Friday, June 27, 2008
The best things in life are free, so they say. I’ve often doubted it, and laid down good money on the latest , greatest hosta cultivar, which promptly died. I guess I was paying for a lesson. A lesson I didn’t learn. Because the very next year I laid down good money for some other latest, greatest...
But today the garden is loaded with the oldest,cheapest: foxgloves. I know some people lay down good money for foxgloves, but I’ve always been fortunate enough to get them for free. Digitalis purpurea is considered a weed in the Northwest. I consider it a wild flower. Though it hails from Europe, North Africa and Asia, it has settled right in here.
One of the most toxic plants around, one should avoid ingesting any part of the plant. Not that it looks particularly edible, but we people have been know to nibble. The only thing that nibbles it in my garden are cut worms, which can do a dreadful shredding of the foliage, but never seem to bother the flowers.
They assemble in great crowds around the cultivated parts of the garden. Part of gardening is knowing when to let go, being happy with the fact that you ran out of time to weed here and there in the back ground ( not that I would have weeded out the foxglove). The back ground is the place for foxgloves as their flower spikes tower up to 7 feet and their basal foliage turns into an ugly mess you won’t want them anywhere else. The wait for foxgloves to finish off is probably the hardest part of their cultivation. They begin to look scrappy as they finish their bloom cycle and if you want them the next year they need to go to seed. I tried saving individuals over. Heavily speckled foxgloves, peachy colored foxgloves. White foxgloves, my favorite. But they are best treated as biennials. So I wait, let a few go all the way dry. Then I do a crazy little shamanistic dance around the edges of the garden with a foxglove wand. Rattling with seed and sprinkling like fairy dust. I always do this out of view of my clients, their neighbors, or my helpers.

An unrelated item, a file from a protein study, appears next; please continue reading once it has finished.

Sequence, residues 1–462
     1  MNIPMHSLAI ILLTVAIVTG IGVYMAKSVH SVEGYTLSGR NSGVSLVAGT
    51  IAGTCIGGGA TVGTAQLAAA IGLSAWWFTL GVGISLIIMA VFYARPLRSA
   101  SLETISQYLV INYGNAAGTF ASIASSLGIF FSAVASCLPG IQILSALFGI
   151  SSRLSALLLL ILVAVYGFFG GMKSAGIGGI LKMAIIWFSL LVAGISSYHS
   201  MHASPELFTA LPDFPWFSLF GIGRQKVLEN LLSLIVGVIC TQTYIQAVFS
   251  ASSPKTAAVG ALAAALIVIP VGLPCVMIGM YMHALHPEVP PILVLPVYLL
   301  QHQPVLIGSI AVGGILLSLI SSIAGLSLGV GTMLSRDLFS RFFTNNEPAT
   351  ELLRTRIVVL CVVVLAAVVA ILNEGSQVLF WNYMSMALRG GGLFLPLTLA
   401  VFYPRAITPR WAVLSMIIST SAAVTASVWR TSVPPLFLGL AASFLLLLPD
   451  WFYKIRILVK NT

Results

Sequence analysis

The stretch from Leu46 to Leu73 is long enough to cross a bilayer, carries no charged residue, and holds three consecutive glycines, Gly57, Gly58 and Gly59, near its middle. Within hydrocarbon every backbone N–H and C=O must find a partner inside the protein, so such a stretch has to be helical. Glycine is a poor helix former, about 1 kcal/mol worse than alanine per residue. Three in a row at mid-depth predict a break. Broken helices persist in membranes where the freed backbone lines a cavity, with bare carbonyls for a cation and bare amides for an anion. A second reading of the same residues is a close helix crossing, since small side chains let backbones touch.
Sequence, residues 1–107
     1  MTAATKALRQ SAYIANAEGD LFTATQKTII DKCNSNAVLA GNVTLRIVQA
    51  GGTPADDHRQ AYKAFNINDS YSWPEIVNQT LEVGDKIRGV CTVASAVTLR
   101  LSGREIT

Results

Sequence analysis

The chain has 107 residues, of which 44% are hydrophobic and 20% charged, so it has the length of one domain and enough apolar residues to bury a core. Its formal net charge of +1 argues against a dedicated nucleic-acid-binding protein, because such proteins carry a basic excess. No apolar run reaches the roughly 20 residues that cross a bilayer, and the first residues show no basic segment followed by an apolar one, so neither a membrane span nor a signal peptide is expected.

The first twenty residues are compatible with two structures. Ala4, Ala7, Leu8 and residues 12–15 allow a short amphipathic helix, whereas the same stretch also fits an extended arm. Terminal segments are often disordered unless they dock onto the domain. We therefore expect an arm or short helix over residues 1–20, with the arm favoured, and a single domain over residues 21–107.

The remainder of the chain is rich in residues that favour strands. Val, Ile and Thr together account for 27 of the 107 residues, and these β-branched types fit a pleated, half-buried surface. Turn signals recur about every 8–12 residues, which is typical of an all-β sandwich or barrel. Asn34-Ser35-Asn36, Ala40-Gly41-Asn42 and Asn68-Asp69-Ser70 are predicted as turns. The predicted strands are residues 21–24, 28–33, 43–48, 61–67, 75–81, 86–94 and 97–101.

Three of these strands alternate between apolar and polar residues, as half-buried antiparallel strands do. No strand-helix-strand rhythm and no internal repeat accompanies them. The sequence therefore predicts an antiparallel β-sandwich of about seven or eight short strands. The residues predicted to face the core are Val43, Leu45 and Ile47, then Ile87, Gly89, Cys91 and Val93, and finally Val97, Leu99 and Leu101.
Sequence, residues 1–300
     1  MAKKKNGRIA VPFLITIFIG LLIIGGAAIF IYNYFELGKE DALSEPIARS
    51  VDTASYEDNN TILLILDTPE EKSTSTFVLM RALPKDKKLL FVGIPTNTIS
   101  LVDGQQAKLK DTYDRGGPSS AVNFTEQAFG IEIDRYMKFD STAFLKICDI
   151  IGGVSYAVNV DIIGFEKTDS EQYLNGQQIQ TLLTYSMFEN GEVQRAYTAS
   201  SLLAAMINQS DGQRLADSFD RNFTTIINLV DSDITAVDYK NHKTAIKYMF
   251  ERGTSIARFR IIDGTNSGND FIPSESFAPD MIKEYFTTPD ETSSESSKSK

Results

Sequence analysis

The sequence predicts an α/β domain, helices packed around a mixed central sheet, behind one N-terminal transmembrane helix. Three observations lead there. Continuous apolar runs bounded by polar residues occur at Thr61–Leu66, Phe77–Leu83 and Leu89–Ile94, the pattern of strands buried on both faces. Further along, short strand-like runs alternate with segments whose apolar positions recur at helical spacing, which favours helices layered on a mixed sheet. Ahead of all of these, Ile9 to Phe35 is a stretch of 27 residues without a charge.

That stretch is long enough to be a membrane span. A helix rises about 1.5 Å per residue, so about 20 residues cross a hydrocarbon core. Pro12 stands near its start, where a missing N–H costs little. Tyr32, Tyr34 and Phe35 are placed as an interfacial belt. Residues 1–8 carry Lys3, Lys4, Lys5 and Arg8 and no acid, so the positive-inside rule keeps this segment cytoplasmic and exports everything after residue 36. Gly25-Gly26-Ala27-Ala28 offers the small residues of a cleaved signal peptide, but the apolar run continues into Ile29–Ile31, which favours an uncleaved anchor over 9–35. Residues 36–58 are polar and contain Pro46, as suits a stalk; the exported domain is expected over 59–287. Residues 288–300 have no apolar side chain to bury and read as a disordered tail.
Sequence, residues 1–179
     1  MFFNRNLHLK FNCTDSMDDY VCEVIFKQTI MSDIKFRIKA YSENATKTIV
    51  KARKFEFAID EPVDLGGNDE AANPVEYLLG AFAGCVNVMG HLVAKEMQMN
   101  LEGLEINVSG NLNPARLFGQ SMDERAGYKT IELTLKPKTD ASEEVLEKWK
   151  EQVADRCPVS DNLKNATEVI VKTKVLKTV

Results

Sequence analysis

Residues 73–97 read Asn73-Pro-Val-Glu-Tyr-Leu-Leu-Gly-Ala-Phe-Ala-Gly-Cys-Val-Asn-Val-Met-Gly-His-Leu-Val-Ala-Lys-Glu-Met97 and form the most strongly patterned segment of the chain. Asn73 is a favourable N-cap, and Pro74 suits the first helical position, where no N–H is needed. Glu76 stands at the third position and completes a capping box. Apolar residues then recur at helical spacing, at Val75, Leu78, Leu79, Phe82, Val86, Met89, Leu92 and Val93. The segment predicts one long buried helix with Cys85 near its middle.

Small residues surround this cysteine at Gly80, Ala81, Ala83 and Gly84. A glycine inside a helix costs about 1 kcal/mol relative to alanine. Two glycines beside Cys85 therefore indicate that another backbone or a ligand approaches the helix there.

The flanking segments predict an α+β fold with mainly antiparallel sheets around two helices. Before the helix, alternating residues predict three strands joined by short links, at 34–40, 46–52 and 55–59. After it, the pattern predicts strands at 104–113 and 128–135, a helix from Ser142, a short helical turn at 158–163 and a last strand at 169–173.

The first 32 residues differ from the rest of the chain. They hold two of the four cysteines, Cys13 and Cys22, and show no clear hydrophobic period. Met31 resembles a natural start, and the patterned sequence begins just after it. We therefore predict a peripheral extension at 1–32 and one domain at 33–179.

This minimal effort, okay I’ll say pure fun, repays with a pleasure that is not cheap , but priceless.
Wednesday, June 25, 2008
I would never plant this beach sedge in my garden.
For one thing I don’t have sand or salt, this little sedge thrives just above high tide mark on Whidbey Island.
But you know if this prickly looking plant ended up in a pot in a high end nursery you’d be tempted to buy it. That is if you are like me, looking for the unusual, or the spikey.
I don’t know what attracts me to the thorny, sharp, bristly or pokey. I don’t like roses and certainly they fit the category.
I have a friend who fills her garden with touchables: velvety lamb’s ears, billowy mounds of sweet scented wall flowers, crisp but soft maiden hair fern. You could swoon and fall in her garden and the worse that might happen is a smudge of dirt on your cheek.
My spikey garden stays in pots. Most of the plants I love aren’t hardy: dyckias, opuntias, euphorbias. But I do garden with the “threatening” too. I love barberries- the name says it all, devil’s walking stick ( Oplopanax horridum). Yes I even plant roses, especially the rambling thorny kind which create impenetrable barriers.
Maybe it’s a guy thing. The desire to protect, defend. Maybe it’s a personality quirk, like a cactus my soft middle might be a little too vulnerable to this hostile world
Whatever the implications: I like spikey, pointy, sharp, prickley, thorny plants. I’ll say it, defensive plants.
I’d add this beach sedge to my collection if I could.
Talking to my prickly friend the scotch thistle, or cotton thistle, ( Onopordum acanthium).